A listeria outbreak from 2014 linked to unrefrigerated caramel apples ended in 35 cases of listeria infections from 12 different states. Seven people died from eating these fall favorites. It turns out commercially produced, prepackaged, unrefrigerated caramel apples can be deadly, if the apples on a stick aren’t stored in a refrigerator after production.
Scientists studied the listeria outbreak and published the results of their research in mBio.
— CBS News (@CBSNews) October 13, 2015
Caramel apples that have been punctured with dipping sticks and left at room temperature over the course of a couple of weeks turn out to be the perfect breeding ground for a bacterium known as Listeria monocytogenes. Last year, three different manufacturers declared a voluntary recall of the prepackaged caramel apples during the outbreak because listeriosis can end in death. Symptoms include headache, stiff neck, fever, and stomach ache. It can take up to three to four weeks after eating a caramel apple to exhibit signs of being infected with listeria. After the connection between listeria and caramel apples was made, Dr. Kathleen Glass and her colleagues from the University of Wisconsin-Madison’s Food Research Institute studied listeria growth on juicy Granny Smith apples by making them into caramel apples that no one would want to eat.
— Seventeen (@seventeen) October 16, 2015
The team had prepared a mix of four different L. monocytogenes strains and swabbed the Granny Smith apples’ skin, stem and calyx regions with the mixture. They used wooden sticks shoved through the stems of half of the apples. Then, the apples were stored either at 77 or 44.6 degrees Fahrenheit for up to four weeks.
The average population of the listeria increased 1,000-fold on caramel apples that had been poked with sticks and then stored at room temperature for a mere three days. Apples without sticks had delayed growth, even when stored at room temperature. When refrigerated, the listerial growth was significantly less; they showed no growth of the listeria for up to an entire week, followed by a little growth over the next three weeks, according to Medical News Today.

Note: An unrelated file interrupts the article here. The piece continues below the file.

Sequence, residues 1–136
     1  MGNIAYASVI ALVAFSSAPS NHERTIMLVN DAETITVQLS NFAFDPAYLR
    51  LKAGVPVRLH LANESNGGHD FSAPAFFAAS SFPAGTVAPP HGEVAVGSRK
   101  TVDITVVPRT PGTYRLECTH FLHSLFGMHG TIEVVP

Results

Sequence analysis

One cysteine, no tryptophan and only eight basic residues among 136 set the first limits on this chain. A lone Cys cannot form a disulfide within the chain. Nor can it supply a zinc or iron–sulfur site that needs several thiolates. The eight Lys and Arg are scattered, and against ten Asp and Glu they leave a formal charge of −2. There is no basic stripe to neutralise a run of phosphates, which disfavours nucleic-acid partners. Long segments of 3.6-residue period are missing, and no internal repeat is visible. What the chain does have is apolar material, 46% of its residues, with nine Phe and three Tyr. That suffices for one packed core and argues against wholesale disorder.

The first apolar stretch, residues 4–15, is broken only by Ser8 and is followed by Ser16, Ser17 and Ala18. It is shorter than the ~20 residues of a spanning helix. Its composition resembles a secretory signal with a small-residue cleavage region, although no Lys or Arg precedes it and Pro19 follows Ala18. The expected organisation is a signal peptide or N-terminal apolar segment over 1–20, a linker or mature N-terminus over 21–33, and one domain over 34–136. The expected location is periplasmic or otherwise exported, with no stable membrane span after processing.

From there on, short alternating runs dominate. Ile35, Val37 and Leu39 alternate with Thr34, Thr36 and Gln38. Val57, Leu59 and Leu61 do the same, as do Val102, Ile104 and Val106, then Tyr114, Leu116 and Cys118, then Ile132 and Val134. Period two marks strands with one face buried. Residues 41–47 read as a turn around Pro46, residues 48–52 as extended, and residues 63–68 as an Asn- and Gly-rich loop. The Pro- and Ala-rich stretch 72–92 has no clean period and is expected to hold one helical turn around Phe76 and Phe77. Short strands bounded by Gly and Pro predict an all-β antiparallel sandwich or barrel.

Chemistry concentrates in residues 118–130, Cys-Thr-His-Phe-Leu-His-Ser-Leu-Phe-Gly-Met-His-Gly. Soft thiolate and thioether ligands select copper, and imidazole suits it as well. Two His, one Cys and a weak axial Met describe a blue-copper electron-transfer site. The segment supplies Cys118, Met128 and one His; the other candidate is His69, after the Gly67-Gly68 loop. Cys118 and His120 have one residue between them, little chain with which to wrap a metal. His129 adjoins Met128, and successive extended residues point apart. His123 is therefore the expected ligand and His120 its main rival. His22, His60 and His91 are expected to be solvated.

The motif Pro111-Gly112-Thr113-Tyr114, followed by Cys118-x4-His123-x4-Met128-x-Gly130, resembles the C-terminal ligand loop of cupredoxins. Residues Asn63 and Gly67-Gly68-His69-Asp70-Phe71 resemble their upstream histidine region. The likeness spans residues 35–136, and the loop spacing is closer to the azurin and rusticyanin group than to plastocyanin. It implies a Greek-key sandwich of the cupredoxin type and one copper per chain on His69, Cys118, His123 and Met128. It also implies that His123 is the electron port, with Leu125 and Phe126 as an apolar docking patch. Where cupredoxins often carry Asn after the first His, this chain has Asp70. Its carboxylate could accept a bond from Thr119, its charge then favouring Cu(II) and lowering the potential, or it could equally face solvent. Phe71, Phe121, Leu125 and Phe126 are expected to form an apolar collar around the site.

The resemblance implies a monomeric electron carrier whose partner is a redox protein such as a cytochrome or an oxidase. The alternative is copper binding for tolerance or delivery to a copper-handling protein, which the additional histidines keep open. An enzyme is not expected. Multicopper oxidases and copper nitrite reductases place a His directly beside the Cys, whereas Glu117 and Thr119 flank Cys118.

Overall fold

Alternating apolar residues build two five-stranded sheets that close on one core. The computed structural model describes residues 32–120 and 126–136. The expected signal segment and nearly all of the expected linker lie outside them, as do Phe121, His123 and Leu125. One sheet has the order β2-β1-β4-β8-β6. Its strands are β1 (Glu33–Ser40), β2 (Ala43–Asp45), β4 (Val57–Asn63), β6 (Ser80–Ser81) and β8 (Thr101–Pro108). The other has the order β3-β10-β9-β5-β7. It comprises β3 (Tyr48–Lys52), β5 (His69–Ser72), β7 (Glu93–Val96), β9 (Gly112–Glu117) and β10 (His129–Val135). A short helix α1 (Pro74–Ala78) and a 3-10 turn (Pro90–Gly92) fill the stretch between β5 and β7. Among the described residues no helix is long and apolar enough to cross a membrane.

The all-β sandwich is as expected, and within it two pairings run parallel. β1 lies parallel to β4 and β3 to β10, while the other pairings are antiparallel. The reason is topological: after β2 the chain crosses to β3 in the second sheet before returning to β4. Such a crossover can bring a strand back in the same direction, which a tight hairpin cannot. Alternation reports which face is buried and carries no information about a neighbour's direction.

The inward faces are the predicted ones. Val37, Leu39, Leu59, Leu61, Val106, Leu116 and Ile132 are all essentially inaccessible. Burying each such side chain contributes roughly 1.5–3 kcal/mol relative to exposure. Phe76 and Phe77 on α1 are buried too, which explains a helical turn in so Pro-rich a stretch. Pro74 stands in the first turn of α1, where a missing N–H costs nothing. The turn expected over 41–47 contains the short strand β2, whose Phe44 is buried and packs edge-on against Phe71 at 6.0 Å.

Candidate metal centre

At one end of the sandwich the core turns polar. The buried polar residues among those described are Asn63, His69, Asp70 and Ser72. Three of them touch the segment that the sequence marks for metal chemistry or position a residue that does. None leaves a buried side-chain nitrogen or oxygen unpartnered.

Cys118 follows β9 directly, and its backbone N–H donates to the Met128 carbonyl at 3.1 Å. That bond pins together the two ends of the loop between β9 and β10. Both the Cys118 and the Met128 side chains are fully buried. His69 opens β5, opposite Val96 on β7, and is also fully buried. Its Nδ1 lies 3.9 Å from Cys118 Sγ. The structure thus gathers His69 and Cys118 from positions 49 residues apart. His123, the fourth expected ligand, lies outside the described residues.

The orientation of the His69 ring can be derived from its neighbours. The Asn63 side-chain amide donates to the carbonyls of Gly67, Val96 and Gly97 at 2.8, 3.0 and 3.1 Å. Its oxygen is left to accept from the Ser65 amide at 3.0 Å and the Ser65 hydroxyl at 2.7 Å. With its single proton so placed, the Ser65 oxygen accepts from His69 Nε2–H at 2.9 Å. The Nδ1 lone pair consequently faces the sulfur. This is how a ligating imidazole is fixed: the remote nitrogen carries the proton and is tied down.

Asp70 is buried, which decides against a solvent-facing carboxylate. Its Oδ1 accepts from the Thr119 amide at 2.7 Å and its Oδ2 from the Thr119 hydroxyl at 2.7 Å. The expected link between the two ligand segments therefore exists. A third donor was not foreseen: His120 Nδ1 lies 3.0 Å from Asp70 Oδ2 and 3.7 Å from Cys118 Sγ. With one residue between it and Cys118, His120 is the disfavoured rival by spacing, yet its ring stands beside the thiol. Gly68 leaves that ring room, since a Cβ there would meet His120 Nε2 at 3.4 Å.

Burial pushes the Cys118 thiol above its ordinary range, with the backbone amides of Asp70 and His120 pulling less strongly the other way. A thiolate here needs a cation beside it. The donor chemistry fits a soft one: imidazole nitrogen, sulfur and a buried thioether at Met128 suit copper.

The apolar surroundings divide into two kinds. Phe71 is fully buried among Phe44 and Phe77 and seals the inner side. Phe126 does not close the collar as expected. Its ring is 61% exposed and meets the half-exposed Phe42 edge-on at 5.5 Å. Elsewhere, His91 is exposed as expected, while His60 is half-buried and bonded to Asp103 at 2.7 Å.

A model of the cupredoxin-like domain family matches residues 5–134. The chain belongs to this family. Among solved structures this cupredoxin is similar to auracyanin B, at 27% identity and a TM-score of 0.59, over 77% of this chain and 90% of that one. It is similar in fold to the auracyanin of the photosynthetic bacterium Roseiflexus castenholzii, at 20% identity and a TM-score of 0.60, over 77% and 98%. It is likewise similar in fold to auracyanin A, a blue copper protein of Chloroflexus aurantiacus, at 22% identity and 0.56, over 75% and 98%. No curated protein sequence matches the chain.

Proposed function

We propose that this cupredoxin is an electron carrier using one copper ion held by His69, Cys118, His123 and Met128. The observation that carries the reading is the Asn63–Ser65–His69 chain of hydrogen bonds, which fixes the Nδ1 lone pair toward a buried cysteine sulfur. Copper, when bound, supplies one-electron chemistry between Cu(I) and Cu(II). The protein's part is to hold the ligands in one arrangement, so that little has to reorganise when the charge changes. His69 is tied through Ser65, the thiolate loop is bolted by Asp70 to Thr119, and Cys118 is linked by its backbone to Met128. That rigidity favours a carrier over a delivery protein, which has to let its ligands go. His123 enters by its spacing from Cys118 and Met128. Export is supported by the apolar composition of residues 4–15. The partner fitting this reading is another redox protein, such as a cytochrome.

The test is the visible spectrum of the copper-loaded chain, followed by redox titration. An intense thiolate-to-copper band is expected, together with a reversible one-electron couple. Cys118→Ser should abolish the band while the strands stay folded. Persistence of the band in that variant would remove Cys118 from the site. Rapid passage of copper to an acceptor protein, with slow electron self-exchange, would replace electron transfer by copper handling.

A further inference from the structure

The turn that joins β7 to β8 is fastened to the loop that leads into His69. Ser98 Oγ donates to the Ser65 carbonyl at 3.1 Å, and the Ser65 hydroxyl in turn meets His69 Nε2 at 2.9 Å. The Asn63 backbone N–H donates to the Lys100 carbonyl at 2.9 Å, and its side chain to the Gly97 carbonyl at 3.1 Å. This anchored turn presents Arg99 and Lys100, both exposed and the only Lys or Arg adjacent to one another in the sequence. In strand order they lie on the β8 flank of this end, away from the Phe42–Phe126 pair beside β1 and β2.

— Popular Science (@PopSci) October 14, 2015
The authors said that caramel and apples are generally not a good breeding ground for bacteria, but when the apple is pierced with the stick and dipped in warm caramel and then left out at room temperature, the juice from the apple comes to the surface and gets trapped under the caramel. The microenvironment to facilitate the growth of any listeria cells that could be already on the apple’s surface is created. The team explained,
“Dipping the apples in hot caramel killed off a lot of the surface bacteria. But those that still survived were the ones that were able to grow. If someone ate those apples fresh, they probably would not get sick. But because caramel-dipped apples are typically set out at room temperature for multiple days, maybe up to 2 weeks, it is enough time for the bacteria to grow.”
Given how long it can take listeria to sicken a person, any number of the holiday illnesses of last year could have come from the caramel apples.
Going forward, manufacturers are encouraged to disinfect all apples before dipping them in caramel and to add growth inhibitors to the caramel coating or apple wax. Better temperature controls were also suggested. Alternately, consumers could avoid listeria by making their own caramel apples at home and store any apples not eaten immediately in the refrigerator… as if there could ever be leftover caramel apples outside of a laboratory.
The caramel apples Taran and I made with caramel we made from scratch! (We feel very accomplished.) pic.twitter.com/pXOqCiJesZ
— Jenn Manley Lee (@jemale) October 12, 2015
[Photo via Pixabay]